The U.S. Supreme Court struck down key provisions in the Texas Omnibus Abortion Bill, known as HB 2, on Monday.
In a 5-3 decision for the case Whole Woman’s Health v. Hellerstedt, Justice Stephen Breyer wrote for the majority, stating that mandating abortion clinics to meet requirements for surgical centers and mandating physicians to have admitting privileges at a hospital are unconstitutional.
The Supreme Court’s decision will lift the restrictions the law attempted to impose on 19 abortion clinics currently open in the state, and could allow more than 20 closed clinics to reopen. According to the Texas Tribune, closed clinics will have to reapply for licensure and there is no guarantee that state officials will grant them all licenses again.
Justices Anthony Kennedy, Ruth Bader Ginsburg, Sonia Sotomayor and Elena Kagan accompanied Justice Breyer in the majority ruling. Chief Justice John Roberts and Justices Clarence Thomas and Samuel Alito dissented.
“We conclude that neither of these provisions offers medical benefits sufficient to justify the burdens upon access that each imposes,” Breyer said. “Each places a substantial obstacle in the path of women seeking a previability abortion, each constitutes an undue burden on abortion access … and each violates the Federal Constitution.”
Amy Hagstrom Miller, founder and CEO of Whole Woman’s Health, said there is more work yet to come and clinics don’t reopen overnight.
"You don’t mess with Texas, you don’t mess with Whole Woman’s Health, and you don’t mess with this beautiful, powerful movement,” Hagstrom Miller said.
The state claimed the law was necessary to protect the health and safety of Texas women. Gov. Greg Abbott released a statement following the Court’s announcement.
“The decision erodes states’ lawmaking authority to safeguard the health and safety of women and subjects more innocent life to being lost. Texas' goal is to protect innocent life, while ensuring the highest health and safety standards for women,” Abbott said.
A study released in March of this year by the Texas Policy Evaluation Project (TxPEP) concluded the law “increased travel distances, high out-of-pocket costs, overnight stays, and decreased access to medication abortion,” which are “significant burdens” on women.
The study found that the 38 percent of surveyed women whose nearest clinic had closed because of the law, averaged a one-way distance of 85 miles to travel to a clinic. Women who lived near an open clinic had an average commute of 22 miles.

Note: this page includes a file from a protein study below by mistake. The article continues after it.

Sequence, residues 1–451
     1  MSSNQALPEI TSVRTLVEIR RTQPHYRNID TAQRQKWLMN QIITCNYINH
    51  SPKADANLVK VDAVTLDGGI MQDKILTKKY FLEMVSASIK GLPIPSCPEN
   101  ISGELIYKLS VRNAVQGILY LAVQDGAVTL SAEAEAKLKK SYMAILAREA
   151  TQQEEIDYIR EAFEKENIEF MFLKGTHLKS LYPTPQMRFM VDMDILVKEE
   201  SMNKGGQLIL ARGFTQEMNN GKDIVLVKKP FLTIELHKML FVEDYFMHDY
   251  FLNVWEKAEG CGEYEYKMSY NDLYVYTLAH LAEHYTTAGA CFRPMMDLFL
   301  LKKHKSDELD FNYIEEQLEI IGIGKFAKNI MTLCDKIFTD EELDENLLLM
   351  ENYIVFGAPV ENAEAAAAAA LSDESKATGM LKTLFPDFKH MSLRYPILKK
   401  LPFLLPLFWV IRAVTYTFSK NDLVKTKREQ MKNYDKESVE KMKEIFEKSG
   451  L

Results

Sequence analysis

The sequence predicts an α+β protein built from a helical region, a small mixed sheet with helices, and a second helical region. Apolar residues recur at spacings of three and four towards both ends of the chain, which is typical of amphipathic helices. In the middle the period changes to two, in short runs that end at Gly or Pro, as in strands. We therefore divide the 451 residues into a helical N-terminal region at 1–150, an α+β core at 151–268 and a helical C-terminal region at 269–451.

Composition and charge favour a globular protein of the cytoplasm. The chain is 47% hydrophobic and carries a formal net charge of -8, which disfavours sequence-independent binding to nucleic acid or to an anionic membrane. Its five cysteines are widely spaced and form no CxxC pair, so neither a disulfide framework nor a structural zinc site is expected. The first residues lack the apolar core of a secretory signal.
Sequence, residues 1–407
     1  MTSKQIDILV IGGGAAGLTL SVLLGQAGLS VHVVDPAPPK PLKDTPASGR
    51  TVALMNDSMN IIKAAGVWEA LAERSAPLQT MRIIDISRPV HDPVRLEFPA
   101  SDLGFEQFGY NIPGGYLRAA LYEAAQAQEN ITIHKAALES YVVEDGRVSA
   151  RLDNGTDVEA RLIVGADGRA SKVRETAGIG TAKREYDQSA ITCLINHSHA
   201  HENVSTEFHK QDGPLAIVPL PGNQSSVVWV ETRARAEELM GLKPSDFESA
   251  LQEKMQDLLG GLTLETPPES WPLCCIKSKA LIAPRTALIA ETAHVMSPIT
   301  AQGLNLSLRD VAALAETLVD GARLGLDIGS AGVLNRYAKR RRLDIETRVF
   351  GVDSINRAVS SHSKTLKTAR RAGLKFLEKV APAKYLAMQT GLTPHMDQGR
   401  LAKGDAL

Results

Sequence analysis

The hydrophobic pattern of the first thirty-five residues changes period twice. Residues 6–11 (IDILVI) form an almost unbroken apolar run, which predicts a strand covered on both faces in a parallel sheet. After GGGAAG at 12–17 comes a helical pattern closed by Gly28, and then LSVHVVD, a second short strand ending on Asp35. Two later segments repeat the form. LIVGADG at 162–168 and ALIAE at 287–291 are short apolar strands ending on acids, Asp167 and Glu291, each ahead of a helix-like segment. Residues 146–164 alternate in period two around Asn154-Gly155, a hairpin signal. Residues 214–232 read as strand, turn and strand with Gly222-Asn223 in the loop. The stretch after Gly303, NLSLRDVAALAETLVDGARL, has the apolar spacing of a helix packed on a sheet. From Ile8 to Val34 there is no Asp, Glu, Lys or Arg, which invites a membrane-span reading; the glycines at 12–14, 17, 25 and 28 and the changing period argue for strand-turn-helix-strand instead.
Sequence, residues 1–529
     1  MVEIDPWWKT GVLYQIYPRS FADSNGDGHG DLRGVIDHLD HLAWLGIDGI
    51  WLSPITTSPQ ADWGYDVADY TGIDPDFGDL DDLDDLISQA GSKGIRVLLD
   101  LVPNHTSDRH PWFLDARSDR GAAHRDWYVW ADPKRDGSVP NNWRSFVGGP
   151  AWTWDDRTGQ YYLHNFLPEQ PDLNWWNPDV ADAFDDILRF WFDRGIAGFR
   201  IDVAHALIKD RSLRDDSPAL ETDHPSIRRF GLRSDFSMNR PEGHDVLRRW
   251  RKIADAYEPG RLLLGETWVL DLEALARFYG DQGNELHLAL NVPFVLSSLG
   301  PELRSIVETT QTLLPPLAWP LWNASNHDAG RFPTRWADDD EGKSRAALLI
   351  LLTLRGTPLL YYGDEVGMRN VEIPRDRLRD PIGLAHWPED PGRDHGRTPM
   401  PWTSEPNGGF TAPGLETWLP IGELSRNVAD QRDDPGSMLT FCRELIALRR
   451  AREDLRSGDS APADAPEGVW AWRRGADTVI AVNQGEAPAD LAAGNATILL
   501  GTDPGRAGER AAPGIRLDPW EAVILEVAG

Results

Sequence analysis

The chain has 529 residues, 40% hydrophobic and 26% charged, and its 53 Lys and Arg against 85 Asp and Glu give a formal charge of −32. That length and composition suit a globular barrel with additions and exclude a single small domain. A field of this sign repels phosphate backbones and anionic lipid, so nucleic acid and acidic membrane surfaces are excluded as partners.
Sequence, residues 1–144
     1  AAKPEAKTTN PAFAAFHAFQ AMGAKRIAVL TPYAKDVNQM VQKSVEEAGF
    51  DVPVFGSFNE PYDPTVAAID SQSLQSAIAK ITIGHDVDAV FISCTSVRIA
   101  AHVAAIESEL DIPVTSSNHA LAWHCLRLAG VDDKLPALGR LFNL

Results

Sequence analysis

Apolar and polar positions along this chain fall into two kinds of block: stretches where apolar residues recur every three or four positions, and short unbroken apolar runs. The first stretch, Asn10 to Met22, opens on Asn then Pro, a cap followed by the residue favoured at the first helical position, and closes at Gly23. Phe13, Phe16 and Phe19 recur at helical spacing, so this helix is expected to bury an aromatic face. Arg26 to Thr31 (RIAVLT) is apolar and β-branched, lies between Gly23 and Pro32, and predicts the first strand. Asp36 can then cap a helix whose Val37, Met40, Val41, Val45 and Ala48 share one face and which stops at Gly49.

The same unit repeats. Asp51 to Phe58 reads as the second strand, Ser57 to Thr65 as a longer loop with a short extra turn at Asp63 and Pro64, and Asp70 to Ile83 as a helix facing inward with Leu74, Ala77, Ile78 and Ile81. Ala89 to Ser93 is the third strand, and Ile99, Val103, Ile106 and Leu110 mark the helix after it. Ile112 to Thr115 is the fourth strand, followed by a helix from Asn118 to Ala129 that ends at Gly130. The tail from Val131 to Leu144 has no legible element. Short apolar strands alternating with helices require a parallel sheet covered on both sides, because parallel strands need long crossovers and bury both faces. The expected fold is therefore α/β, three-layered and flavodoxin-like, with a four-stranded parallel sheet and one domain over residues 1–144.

Rep. Jodie Laubenberg, a sponsor of HB 2 when it was passed and signed in 2013 by Gov. Rick Perry, said the Supreme Court’s ruling was “bad news” for women.
"Women deserve the same standard of care at abortion clinics as they would receive at a medical facility,” Laubenberg said. “Obviously the politics of abortion supersedes the health and safety for women."
A celebration was hosted by Texas-based abortion rights organizations at Scholz Garten on Monday evening. A crowd of about 300 people listened to politicians, activists and other speakers and celebrated the day’s victory.
“I just want to say I am in awe of what this community has accomplished — this historic victory for women … to have rights over our bodies,” elected House District 49 representative Gina Hinojosa said. “Today we celebrate, tomorrow we begin again the work, the strategizing, to further these rights and protect these rights. But today, we should celebrate this amazing victory, this historic victory that you all have accomplished.”
Zoraima Pelaez, president of the UT-Austin chapter of the Texas Freedom Network (TFN) and humanities junior, shared a personal story with the crowd.
“The moment that really stuck with me when I heard about this victory, was the time that I was sitting on my bathroom floor crying, and bawling because the tiny little stick on my counter read 'pregnant,'” Pelaez said. “I was crying because I thought about all that I had accomplished and how hard that had been and how much more I wanted to do … I was in no position to be a mother. I was crying because I knew without a shadow of a doubt that I was going to have an abortion … At that time I felt ashamed, but I suppose that’s how they want us to feel: alone and ashamed.”
Pelaez also criticized the state for its reproductive health policies, saying that “there is something inherently wrong with our state when we use shame as a tactful approach to policy [and] when we use women’s health as a guise for political expediency.” However, she expressed confidence going forward.
“This morning, when I heard the decision, I cried again … but this time I wasn’t scared or ashamed, I was proud and hopeful.”